In Use and Listening Sessions

The very first thing you will notice about the Nagra CDP is that the disc drawer mechanism is noisy when it’s moving inwards and outwards. Very noisy. This was a surprise in part because Nagra says the motor is: ‘a state-of-the-art planetary reduction motor: a component developed by a NASA-approved supplier, whose products equipped the Mars Rover robot sent to the red planet.’ It was only after reading this that I realised that a motor designed for use in space doesn’t have to be quiet, because you couldn’t hear it in space… there’s no atmosphere, so no medium for the transmission of sound waves. The only requirements for a motor used in a space program would be that it’s accurate and reliable… the manufacturer really wouldn’t care how noisy it was. The drawer motor is no doubt accurate (it’s accurate to within two microns, according to Nagra) and I have no doubt it is also absolutely and completely reliable… but I do have to tell you that it’s ‘way noisy… but obviously, once it’s done its job of opening the drawer or closing it, it’s then as silent as space itself!

As noted at the beginning of this review, a magnetic clamp must be attached manually every time you load a CD. Nagra says that this clamp improves the centring and positioning of the CD on the transport, which is certainly true. However its primary function is to stop the CD from launching itself into the air when the transport spins it up to playing speed (which varies between 200 rpm at the beginning of disc and 500 rpm towards the end). The only issue about drives that use a clamping system is that you have to remember to remove both disc and clamp whenever you transport the player from one location to another. If you don’t, it’s possible for the clamp to become dislodged and fall inside the player, which in the case of the Nagra CDP will then require you to remove the six screws securing the top plate and extract it manually before you attempt to apply power. This is perfectly safe to do yourself, because there’s no 240V power inside the CDP… just 12 volts.

I did appreciate the fact that Nagra has helpfully included some (red!) illumination in the drawer when it’s open, which makes it easy to load and unload CDs in a darkened room, but I’d stab a guess that this feature was actually requested by Nagra’s own dealers and distributors, who often do their demos in rooms that can be very dark indeed… such as the demo rooms at hi-fi shows!

Loading is quite quick, but the time it takes to load a disc is dependent on the number of tracks on the CD, varying from around six seconds for an 18-track disc to 24 seconds for a 99-track disc.

Once a disc is loaded, other operations (track skip, fast search and so on) are exceptionally fast, and the operations are also buffered, so if you flick the fast forward switch six times in quick succession, the laser will skip six tracks. The only quirk in the transport operation is that the Nagra ‘locks out’ the ‘CD Open’ toggle switch so that it won’t work unless the transport is stopped, so if a disc is paused or is playing, pressing the CD Open toggle switch doesn’t stop play and open the drawer as it normally would with other CD players. I guess that this quirk of operation is just down to the unusual front panel switching.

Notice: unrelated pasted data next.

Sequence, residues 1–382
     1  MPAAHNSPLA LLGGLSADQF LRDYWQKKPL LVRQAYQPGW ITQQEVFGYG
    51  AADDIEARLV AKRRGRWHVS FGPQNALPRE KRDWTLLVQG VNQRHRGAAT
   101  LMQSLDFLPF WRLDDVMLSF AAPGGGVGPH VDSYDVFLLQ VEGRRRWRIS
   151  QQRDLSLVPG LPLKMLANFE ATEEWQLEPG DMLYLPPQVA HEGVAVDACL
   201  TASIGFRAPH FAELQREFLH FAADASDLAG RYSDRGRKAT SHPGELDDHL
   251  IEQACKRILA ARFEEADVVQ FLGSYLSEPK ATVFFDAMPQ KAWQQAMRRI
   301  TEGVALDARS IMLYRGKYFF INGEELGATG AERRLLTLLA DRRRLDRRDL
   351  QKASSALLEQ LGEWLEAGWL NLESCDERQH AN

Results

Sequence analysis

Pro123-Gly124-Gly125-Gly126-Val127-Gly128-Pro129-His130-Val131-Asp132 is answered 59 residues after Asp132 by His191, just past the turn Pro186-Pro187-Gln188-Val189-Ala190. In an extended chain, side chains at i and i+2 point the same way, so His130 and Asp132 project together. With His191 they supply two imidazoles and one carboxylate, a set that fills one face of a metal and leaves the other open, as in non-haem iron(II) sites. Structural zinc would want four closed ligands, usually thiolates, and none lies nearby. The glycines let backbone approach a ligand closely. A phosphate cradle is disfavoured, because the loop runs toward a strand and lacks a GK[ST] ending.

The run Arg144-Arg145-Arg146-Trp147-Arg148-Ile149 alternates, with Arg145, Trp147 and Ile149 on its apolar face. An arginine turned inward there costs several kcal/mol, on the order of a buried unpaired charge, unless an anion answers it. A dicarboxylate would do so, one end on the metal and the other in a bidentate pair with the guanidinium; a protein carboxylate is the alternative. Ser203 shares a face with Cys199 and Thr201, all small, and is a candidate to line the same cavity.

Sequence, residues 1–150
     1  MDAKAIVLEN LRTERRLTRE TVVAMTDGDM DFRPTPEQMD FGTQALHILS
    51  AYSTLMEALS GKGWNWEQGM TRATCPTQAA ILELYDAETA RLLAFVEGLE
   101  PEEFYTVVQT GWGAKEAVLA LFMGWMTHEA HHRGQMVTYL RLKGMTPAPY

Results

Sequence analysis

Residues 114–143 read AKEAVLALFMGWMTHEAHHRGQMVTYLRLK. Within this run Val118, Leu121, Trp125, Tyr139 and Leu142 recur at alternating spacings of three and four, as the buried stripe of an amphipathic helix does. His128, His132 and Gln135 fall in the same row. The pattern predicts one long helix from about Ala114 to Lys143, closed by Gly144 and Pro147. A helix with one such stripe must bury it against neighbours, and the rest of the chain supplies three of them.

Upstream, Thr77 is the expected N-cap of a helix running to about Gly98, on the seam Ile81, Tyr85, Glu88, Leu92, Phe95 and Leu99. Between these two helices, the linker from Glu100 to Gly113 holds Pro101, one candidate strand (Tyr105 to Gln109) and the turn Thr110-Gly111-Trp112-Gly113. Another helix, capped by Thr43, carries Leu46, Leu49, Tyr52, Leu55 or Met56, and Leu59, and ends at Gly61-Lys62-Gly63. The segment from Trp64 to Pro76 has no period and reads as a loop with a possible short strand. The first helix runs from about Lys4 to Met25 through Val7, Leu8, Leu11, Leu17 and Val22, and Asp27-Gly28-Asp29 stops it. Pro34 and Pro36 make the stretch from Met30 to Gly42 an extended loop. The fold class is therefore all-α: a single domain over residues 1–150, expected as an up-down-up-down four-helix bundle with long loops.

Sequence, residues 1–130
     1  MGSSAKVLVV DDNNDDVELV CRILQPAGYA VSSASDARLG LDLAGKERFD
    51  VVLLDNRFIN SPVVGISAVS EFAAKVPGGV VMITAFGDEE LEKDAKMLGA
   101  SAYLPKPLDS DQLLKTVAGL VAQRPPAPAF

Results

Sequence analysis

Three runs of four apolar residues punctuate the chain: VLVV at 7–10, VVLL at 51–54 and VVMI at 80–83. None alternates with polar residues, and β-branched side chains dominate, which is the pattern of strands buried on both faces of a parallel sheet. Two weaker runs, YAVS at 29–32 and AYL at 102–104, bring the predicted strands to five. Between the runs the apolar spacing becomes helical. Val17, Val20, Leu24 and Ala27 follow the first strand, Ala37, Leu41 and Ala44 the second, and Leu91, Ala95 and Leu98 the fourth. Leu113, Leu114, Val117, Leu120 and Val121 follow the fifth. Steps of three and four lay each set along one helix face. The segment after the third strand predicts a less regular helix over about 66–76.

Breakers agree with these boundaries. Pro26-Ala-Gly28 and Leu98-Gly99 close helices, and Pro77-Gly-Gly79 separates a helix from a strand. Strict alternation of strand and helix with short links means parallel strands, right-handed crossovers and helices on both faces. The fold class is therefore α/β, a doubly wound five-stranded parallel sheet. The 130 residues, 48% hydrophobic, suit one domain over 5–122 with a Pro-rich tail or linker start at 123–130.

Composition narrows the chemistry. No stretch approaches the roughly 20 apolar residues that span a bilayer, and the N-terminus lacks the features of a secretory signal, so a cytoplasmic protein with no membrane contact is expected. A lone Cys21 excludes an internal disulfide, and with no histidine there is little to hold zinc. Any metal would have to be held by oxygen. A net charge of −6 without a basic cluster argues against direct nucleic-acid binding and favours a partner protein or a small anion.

The sound I heard from the Nagra CDP CD player was outstandingly good. Low frequencies were tight, powerful, and bouncily tuneful, no matter what I played, and the sonic quality of the bass was totally organic… nothing unnaturally electronic here. Listening to well-recorded cello, for example (Steven Isserlis playing Bach’s Cello Suites) I found the Nagra’s pitching was spot-on and the string sound was gloriously real, allowing me to totally appreciate the gorgeous sound Isserlis is able to extract from his cello. If you’ve passed on these suites in the past for being too ponderous, you’ll love Isserlis’ faster tempi. Also, the way he is able to voice the chords is truly astonishing… and reproduced to perfection by the Nagra CDP.

But even when reproducing electronica-style bass, with programmed drums and synths and looped bass, the sound was convincingly and realistically ‘live’, and with rawer, rock-driven sounds, such as Rachel Maria Cox’s ‘Untidy Lines’, the Nagra CDP was able to deliver the true emotion behind the songs, easily demonstrated by listening to the ripping guitar work on Emotionally Untidy or the slow burn of Constellation.

The clarity and illumination of the Nagra’s midrange made listening to large-scale choral works an even-greater pleasure, for the way it made it easier to follow the different sections when singing along, or enjoy the cohesiveness of the whole when just listening to lift the heart, both of which I often do when playing Handel’s ‘Messiah’. Of all the versions I own, my ‘go-to’ work is Stephen Layton’s wonderful reading for Hyperion… and it’s home-grown here in Oz! The delivery of high-frequencies by the Nagra CDP was outstanding, with beautifully intonated upper violin sound on every CD I auditioned… the authenticity of the sound a far cry from the screechy violin delivery of some compact disc players. As for the sound of Simon Barker’s shakuhachi on his superb solo album, ‘Descalzo’,  well it was as if the angels were playing in heaven.


Nagra obviously would prefer you to partner its CDP CD player with other Nagra components, such as its Classic Preamp and Classic Power Amplifier, but unless you’re one of those audiophiles who insists that all the components in your system have to look the same, there is absolutely no reason why you should do this if you have other preferences or priorities for amplification.

So if you’d like a state-of-the-art CD player, hand-built in Switzerland, that delivers outstanding sound quality and has a user interface that will have you smiling with satisfaction every time you interact with it, the Nagra CDP CD player is the one for you. # Andreas Park